La substance qui pense, y peut être reçue,
Mais nous en bannissons la substance étendue.
Bélise à tous (V. iii, pp. 70-71)
[Propositions more to his taste might be made. But we are establishing a kind of love which must be as pure as the morning-star; the thinking substance is admitted, but not the material substance.]
Bélise to all (V. 3)

Trissotin and Vadius

In the meantime, Trissotin and Vadius, have quarelled bitterly. Molière did not depict real persons. He used miroirs publics (La Critique de l’École des femmes, sc. 6). However, Trissotin is modelled on l’abbé Cotin, who had a vile temper, and Vadius is the sarcastic Gilles Ménage. Both gentlemen dishonour themselves by quarrelling, which is not insignificant. They are not to be admitted to Salons, where there is no room for anger. Nor is Philaminte a candidate for a Salon.

Trissotin & Vadius (commons.wikimedia.org)

The Senex Iratus

Les Femmes savantes is a mundus inversus in that the pater familias is a mater familias. Philaminte, Chrysale’s wife, rules. In Les Femmes savantes, Molière has vested unto a woman, the authority normally vested in men. Women are just as capable of opposing a marriage as men are. In this play, the blocking character is used at its most basic level, that of function. So, Philaminte, Henriette’s mother, is our alazṓn. As for Chrysale, Henriette and Armand’s father, let us read.

Non: car comme j’ai vu qu’on parlait d’autre gendre,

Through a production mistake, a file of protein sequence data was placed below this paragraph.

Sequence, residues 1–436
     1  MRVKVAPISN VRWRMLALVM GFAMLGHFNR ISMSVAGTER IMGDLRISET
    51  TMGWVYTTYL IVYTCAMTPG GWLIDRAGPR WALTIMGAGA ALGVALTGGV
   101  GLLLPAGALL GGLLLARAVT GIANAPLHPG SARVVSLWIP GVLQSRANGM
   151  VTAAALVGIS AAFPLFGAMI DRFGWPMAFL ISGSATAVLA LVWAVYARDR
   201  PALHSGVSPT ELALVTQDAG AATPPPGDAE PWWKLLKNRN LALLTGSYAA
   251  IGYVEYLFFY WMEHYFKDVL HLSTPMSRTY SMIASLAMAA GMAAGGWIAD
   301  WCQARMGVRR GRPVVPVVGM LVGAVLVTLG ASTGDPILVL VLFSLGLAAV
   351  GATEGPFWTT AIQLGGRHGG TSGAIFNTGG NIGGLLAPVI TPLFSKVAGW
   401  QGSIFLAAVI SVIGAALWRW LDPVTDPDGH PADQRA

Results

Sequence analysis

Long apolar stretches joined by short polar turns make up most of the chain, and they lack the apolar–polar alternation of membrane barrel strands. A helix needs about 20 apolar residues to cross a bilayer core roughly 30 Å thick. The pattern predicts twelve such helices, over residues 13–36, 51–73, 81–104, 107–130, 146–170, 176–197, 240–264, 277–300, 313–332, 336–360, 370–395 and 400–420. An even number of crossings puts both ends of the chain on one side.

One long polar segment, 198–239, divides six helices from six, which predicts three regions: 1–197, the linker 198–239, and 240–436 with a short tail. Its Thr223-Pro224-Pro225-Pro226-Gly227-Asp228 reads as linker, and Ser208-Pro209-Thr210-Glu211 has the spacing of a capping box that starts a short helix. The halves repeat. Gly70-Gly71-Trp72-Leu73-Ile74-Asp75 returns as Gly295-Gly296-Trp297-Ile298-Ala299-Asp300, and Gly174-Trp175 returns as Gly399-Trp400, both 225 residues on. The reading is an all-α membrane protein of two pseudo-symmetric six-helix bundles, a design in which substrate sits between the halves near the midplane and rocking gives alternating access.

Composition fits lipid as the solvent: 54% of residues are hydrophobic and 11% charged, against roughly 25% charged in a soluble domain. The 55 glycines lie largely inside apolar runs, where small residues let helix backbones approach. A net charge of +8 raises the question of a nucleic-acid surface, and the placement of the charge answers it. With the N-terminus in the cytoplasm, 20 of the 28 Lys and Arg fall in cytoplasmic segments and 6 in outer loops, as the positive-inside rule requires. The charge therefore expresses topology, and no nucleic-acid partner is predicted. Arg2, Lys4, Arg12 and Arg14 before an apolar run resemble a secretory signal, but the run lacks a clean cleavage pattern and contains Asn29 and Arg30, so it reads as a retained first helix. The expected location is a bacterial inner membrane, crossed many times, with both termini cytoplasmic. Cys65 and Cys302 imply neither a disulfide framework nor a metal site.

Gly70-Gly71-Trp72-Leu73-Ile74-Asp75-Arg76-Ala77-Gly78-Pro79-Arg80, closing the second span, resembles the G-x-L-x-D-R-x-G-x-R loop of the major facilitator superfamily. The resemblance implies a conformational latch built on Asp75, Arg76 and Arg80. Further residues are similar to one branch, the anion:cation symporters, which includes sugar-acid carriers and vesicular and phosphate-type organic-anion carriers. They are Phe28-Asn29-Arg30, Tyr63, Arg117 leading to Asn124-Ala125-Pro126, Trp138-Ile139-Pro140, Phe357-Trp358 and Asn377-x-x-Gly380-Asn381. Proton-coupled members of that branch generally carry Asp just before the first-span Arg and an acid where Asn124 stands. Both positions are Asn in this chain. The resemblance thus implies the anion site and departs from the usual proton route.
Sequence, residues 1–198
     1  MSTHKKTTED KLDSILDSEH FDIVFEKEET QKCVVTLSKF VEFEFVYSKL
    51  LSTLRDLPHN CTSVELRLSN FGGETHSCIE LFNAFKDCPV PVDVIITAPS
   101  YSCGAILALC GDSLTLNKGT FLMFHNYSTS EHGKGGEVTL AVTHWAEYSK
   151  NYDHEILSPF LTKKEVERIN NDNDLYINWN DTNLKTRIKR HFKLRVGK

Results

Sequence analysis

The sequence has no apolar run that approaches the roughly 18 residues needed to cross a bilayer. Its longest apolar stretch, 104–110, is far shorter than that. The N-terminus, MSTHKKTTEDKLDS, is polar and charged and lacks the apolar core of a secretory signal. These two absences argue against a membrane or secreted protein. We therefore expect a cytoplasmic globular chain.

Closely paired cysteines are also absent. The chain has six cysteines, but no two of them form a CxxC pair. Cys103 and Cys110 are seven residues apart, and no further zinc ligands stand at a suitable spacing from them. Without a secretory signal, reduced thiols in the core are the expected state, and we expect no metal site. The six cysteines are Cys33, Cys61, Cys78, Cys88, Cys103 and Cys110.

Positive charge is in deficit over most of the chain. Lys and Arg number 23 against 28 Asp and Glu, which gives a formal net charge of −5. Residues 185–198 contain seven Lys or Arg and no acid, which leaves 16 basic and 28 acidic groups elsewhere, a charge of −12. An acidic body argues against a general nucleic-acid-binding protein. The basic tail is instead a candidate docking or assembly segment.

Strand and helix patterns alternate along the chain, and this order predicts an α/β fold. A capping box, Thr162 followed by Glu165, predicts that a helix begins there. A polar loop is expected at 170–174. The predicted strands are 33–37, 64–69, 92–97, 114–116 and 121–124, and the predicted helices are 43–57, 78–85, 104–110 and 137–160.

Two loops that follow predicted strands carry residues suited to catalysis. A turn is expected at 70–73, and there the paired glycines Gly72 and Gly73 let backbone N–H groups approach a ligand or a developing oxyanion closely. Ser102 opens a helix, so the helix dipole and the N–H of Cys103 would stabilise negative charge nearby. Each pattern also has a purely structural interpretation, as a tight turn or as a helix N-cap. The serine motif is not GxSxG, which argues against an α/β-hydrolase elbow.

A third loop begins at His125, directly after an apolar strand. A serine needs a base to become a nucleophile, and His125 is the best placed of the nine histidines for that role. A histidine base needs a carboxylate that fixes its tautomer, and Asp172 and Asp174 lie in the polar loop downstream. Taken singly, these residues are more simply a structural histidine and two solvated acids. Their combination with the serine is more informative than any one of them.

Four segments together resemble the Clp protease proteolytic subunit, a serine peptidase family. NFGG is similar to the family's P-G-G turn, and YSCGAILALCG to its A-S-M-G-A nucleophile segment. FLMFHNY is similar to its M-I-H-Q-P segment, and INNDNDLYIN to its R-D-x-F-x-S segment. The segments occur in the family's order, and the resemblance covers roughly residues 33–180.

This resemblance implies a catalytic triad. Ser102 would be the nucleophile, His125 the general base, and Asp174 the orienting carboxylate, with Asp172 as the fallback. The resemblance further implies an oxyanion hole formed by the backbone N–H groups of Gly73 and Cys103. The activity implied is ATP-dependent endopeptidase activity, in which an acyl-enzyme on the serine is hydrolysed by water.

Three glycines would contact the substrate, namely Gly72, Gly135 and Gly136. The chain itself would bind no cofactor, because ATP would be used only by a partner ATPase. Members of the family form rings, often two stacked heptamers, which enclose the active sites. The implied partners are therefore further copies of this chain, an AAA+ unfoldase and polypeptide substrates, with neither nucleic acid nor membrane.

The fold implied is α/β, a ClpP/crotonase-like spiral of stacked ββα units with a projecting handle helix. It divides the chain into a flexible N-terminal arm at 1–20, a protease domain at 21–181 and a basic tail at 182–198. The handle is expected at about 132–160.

J’ai cru qu’il était mieux de ne m’avancer point.
Chrysale à Ariste (II. ix, p. 27)
Certes votre prudence est rare au dernier point!
N’avez-vous point de honte avec votre mollesse?
Et se peut-il qu’un homme ait assez de faiblesse
Pour laisser à sa femme un pouvoir absolu,
Et n’oser attaquer ce qu’elle a résolu?
Ariste à Chrysale (II. ix, p. 27)
[No; for as she talked of another son-in-law, I thought it was better for me to say nothing.
Chrysale to Ariste (II. 9)
Your prudence is to the last degree wonderful! Are you not ashamed of your weakness? How can a man be so poor-spirited as to let his wife have absolute power over him, and never dare to oppose anything she has resolved upon? ]
Ariste to Chrysale (II. 9)

Chrysale is not so docile. Philaminte is as Chrysale describes her to his brother Ariste: bilious, “un vrai dragon,” and a “diable.

Mon Dieu, vous en parlez, mon frère, bien à l’aise,
Et vous ne savez pas comme le bruit me pèse.
J’aime fort le repos, la paix, et la douceur,
Et ma femme est terrible avecque son humeur.
Du nom de philosophe elle fait grand mystère,
Mais elle n’en est pas pour cela moins colère;
Et sa morale faite à mépriser le bien,
Sur l’aigreur de sa bile opère comme rien
Pour peu que l’on s’oppose à ce que veut sa tête,